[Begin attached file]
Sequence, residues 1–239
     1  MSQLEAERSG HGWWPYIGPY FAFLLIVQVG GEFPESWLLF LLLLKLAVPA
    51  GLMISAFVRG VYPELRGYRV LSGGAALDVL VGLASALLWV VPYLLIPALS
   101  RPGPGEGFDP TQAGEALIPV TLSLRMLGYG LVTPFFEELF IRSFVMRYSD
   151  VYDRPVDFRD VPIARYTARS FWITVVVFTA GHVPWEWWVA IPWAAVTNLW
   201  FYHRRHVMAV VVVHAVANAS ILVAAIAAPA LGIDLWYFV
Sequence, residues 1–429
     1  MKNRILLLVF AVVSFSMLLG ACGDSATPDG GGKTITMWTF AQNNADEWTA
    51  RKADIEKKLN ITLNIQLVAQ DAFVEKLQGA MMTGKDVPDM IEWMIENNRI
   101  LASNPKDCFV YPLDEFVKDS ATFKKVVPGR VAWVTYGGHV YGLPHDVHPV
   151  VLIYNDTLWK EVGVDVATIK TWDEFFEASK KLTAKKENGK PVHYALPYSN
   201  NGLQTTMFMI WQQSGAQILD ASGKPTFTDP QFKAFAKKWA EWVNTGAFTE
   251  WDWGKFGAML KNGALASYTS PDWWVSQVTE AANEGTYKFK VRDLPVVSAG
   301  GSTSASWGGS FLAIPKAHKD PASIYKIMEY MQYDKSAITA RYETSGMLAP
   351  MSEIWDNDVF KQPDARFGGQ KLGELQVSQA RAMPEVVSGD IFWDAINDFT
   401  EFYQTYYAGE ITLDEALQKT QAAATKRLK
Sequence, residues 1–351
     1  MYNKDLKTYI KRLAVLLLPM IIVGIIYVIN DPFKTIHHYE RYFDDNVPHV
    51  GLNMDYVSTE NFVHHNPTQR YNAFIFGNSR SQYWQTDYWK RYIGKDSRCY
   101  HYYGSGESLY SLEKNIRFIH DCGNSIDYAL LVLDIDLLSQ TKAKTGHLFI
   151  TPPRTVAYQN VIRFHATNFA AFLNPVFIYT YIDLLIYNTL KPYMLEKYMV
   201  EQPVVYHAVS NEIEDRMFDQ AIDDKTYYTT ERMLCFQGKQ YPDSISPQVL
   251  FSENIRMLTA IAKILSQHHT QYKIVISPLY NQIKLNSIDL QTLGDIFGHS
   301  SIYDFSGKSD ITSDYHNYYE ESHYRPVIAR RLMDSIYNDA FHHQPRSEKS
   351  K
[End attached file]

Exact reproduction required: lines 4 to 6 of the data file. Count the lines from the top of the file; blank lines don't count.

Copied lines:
   101  RPGPGEGFDP TQAGEALIPV TLSLRMLGYG LVTPFFEELF IRSFVMRYSD
   151  VYDRPVDFRD VPIARYTARS FWITVVVFTA GHVPWEWWVA IPWAAVTNLW
   201  FYHRRHVMAV VVVHAVANAS ILVAAIAAPA LGIDLWYFV